The South Downs Way 100 returns for the thirteenth edition over the weekend of 8th-9th June 2024.

With 100 miles of incredible trails with 13,000 feet of climb and descent, the route traverses the South Downs Way National Trail from Winchester in the west to Eastbourne in the east. Fast Running spoke to race director James Elson on the history of the event and the exciting future ahead.

A historic race on a historic trail

Established in 2010, The South Downs are the UK’s newest National Park, but the history of the South Downs Way goes back very much farther. Humans have been using the tracks for over 8000 years, as its elevation made it a safer and drier route than the wetter lowlands.

The trail is dotted with Iron Age forts such as Old Winchester Hill and Cissbury Ring. Ditchling Beacon is one of the most famous hills on the trail and was used to warn Queen Elizabeth I of the Spanish Armada that could be seen sailing up the English Channel.

The South Downs Way 100 is the third generation of point to point racing on the South Downs Way. One of 16 National Trails across the UK, the SDW was the fifth to be established in 1972. Originally starting in Buriton, the SDW was 80 miles long and between 1983 and 1997, the South Downs 80 was held over 14 Editions. It stood as one of the worlds premier ultra distance trail events and acted as the World Trail Championships from 1990 to 1997.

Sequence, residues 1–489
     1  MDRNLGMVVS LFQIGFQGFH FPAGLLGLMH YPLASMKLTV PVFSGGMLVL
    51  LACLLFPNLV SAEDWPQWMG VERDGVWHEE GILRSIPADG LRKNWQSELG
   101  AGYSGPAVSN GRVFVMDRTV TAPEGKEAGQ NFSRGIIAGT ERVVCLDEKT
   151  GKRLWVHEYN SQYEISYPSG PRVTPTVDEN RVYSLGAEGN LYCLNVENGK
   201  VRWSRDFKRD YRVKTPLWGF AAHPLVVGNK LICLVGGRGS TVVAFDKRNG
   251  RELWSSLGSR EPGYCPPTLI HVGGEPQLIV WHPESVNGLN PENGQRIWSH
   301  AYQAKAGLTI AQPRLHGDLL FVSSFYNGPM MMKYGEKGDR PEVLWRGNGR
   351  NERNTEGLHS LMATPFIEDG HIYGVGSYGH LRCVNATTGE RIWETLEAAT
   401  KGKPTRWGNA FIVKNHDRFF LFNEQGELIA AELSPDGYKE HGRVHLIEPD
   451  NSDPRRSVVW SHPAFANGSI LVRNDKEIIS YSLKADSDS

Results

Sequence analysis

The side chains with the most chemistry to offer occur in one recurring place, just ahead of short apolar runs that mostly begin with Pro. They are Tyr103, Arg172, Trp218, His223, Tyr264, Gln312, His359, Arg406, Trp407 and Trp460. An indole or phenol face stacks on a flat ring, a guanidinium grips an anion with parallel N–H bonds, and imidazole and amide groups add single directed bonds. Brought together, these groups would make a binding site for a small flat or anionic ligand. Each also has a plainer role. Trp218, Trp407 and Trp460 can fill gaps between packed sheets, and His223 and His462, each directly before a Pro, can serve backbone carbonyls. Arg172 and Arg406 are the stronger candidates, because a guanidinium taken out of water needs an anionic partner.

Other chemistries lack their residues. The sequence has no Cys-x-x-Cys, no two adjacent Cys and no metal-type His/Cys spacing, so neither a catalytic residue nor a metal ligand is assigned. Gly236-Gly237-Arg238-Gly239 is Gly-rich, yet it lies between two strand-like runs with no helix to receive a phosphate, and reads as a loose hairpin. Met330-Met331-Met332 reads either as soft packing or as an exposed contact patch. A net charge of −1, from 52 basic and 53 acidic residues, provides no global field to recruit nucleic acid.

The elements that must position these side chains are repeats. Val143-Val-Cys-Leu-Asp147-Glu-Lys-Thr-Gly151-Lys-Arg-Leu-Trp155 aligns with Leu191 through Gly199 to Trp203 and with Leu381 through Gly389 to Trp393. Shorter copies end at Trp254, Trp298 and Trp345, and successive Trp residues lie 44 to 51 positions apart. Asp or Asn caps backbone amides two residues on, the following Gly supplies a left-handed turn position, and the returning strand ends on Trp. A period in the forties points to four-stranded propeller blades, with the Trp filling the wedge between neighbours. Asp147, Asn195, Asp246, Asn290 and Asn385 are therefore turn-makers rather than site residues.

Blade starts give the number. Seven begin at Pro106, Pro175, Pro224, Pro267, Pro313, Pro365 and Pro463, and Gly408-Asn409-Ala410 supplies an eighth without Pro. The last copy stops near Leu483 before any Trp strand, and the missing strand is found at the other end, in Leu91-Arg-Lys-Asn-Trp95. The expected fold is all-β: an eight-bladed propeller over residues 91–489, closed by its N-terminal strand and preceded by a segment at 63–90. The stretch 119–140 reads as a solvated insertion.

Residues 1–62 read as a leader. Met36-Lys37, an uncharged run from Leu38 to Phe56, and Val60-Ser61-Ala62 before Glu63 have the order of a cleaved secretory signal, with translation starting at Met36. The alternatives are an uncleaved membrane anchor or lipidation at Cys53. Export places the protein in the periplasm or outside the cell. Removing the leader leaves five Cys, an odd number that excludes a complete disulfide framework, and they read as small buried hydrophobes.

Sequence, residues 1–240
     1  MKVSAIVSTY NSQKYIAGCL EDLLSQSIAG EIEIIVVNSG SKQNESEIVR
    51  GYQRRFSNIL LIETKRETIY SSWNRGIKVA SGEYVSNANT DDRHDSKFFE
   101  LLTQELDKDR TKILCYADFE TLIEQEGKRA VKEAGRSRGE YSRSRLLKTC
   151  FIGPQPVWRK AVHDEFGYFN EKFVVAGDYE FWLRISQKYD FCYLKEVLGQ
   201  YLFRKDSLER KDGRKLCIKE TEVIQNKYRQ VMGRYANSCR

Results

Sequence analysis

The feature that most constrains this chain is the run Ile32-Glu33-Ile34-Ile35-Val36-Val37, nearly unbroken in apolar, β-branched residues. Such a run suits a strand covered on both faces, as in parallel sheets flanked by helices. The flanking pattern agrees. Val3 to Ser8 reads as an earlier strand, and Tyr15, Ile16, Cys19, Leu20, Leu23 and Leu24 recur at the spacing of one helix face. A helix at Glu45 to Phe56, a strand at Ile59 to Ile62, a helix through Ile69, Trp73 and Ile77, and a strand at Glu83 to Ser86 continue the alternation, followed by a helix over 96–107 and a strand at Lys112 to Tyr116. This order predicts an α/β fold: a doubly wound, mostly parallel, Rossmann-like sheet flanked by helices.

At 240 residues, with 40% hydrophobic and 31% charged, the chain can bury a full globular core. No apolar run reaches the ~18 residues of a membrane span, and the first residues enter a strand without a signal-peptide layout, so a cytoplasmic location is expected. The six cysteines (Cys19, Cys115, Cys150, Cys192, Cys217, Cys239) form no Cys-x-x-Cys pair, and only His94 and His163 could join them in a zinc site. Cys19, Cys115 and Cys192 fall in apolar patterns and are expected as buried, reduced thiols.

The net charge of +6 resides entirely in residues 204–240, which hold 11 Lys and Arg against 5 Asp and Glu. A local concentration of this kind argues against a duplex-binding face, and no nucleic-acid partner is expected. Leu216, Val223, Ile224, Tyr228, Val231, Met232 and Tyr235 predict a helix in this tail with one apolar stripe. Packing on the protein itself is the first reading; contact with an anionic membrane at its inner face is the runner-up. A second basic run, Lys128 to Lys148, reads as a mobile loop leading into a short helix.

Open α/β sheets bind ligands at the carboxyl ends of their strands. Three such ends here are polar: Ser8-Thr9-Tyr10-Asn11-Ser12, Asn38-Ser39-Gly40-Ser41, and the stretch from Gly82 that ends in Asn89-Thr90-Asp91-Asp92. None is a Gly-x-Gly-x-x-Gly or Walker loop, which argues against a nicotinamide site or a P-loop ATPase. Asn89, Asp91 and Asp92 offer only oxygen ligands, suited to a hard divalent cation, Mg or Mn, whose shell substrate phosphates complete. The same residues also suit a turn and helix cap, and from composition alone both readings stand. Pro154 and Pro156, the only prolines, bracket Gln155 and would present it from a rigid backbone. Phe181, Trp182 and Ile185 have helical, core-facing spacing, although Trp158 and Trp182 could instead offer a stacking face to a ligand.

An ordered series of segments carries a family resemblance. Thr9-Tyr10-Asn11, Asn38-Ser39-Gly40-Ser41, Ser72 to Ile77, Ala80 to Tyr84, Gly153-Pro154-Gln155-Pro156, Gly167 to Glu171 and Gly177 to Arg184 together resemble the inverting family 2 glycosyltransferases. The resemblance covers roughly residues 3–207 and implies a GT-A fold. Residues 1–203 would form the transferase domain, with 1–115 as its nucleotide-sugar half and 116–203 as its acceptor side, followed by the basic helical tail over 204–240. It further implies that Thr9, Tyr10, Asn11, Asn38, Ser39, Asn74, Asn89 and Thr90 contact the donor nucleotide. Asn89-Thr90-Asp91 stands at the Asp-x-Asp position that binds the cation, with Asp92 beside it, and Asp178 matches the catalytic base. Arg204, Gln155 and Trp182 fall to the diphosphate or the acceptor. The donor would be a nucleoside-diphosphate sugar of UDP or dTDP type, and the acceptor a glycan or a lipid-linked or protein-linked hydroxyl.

In 1987 the route was extended to 100 miles and that is the route the race uses to this day. After the hiatus from the South Downs 80, the SDW100 was established in 2012 after two years running in the opposite direction and has remained one of the most important races on the UK ultra calendar since.

A change for 2024 with a world focus

It is the inaugural year for the Gran Canaria World Trail Majors series and for SDW100 500 runners from 25 countries will toe the line on what will be the fifth stop of the series. The race has always attracted the best of British trail and ultrarunners, but with a new partnership through the World Trail Majors the race opens up to a global audience for the first time.

This has seen the biggest impact on the sharp end of the women’s race with US athletes Nicole Bitter and Karen Benway two big names that will battle it out with British 24hr international Cat Simpson and Winter Olympian Alex Coomber (if the last descent gets icy look for Alex to excel).

The men’s race has everyone’s favourite ultra-running ragamuffin Daniel Lawson, his fellow GB 24hr runner Rob Payne, UTMB winner Jez Bragg and a whole host of other strong Centurion Running regulars.

Check out the more extensive preview on the Centurion Running page here.

How to follow the SDW 100 on the day?

For the first time there will be a live broadcast across the entire event. You can follow all the action via the live stream as well as on social media and live tracking.